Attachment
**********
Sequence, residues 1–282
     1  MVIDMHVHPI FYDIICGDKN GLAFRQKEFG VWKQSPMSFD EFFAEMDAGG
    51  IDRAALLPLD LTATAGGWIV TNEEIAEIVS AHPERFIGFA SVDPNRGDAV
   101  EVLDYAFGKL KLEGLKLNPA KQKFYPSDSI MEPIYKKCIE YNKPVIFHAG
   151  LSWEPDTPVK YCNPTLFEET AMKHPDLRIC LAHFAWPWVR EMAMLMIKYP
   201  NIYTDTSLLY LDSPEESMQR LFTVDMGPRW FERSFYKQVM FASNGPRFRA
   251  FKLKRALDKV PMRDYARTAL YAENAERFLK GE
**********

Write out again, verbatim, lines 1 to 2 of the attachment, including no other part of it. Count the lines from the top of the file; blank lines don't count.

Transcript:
Sequence, residues 1–282
     1  MVIDMHVHPI FYDIICGDKN GLAFRQKEFG VWKQSPMSFD EFFAEMDAGG